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Bikini baristas sue city of Everett over new dress code

EVERETT, Wash. – Bikini baristas in Everett are suing the city over a new dress code, saying their outfits are a form of expression protected under the Constitution.

The lawsuit comes one week after the city started enforcing a new dress code for quick service employees, making bikinis illegal within city limits.

The baristas contend their minimal outfits allowed them to express messages of freedom, openness, acceptance, empowerment and individuality.

“When you go down the road of starting to police women’s outfits, it’s a very slippery slope,” said Amelia Powell, a bikini barista suing the city of Everett. “Today, it’s bikinis for quick service restaurants, and what’s next?”

Powell said she’s concerned about the dress code for quick service workers like herself, but also a citywide lewd ordinance that as a woman could affect her outside of work. Her attorney, Jessica Newman, said the second ordinance enacted by the city should upset everyone.

“One is an amendment to an existing lewd ordinance that’s already on the books that affects all the citizens of Everett. The other one is targeted specifically at bikini baristas. The one that applies to all citizens would affect what women can wear and what part of their body they are exposing in any place in Everett,” she said.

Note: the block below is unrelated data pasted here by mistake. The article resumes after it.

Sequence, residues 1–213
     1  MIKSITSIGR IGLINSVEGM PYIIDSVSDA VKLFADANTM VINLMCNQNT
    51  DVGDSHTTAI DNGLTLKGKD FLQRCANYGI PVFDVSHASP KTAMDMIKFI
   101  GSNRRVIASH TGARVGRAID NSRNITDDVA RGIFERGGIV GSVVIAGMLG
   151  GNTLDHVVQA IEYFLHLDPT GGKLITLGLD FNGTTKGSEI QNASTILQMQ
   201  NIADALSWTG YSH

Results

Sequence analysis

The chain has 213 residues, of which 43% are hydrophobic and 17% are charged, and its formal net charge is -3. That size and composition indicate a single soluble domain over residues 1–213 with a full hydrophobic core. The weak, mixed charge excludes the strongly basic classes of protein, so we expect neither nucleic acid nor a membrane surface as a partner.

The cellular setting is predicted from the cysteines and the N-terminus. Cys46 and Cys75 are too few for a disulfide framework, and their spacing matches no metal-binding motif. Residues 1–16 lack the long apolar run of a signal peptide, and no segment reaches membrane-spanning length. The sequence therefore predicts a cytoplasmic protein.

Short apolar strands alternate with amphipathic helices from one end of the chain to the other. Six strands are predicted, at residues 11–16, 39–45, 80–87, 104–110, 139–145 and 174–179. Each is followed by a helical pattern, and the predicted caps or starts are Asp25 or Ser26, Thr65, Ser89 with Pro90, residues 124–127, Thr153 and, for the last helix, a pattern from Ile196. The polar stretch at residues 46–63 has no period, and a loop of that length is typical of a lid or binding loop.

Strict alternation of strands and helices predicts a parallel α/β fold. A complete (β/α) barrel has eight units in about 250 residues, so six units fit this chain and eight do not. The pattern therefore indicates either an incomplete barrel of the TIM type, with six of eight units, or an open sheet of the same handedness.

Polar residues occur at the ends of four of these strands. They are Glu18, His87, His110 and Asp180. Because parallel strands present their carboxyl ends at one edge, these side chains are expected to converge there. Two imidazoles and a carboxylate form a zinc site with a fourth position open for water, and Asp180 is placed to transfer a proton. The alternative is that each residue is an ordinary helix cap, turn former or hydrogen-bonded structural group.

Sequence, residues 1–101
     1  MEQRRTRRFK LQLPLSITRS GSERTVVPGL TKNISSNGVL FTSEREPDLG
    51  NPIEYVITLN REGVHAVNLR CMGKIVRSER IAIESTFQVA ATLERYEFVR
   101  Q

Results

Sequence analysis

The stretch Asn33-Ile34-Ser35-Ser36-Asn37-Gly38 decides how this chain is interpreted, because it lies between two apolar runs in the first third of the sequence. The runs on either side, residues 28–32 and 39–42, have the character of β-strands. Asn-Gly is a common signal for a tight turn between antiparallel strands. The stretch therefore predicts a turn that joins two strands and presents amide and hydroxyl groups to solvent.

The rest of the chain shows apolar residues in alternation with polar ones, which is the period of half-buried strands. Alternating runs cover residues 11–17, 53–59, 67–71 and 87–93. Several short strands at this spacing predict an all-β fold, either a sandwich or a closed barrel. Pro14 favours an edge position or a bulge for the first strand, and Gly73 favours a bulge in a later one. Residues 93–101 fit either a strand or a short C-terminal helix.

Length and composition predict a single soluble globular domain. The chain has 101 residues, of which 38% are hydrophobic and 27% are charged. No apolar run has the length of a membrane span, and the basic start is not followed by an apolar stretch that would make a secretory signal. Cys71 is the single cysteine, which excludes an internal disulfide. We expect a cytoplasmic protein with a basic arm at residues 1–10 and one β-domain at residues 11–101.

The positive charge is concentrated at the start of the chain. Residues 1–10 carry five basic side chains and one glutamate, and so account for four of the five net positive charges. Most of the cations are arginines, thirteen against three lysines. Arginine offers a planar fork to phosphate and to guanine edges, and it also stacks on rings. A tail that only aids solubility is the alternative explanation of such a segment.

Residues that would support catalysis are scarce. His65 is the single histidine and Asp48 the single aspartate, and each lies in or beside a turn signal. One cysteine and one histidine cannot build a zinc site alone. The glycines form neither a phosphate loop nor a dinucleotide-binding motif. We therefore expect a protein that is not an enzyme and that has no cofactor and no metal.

Newman said the lewd law criminalizes outfits that many women would wear during the summer, like a bikini top or bottom. It’s a crime punishable by up to a year in jail and a $5,000  fine.

The lawsuit, filed in federal court on Monday, said women would be subjected to undergo “humiliating and intrusive examination” if suspected of breaking the ordinance. Newman said it turns Everett officers into morality police.

“You don’t have to be a bikini barista to have a concern about what’s going on here,” she said.

The new dress code for quick service food stands goes farther than the lewd ordinance, making midriffs and short-shorts off-limits. “Even at the family-friendly stands across the street, the girls wear shorts over there that are not in compliance,” said Powell.

The Everett ordinance states the new code is an effort to protect the public, including the baristas. It stated that crime follows the stands wherever they go. They city would not comment on the pending lawsuit.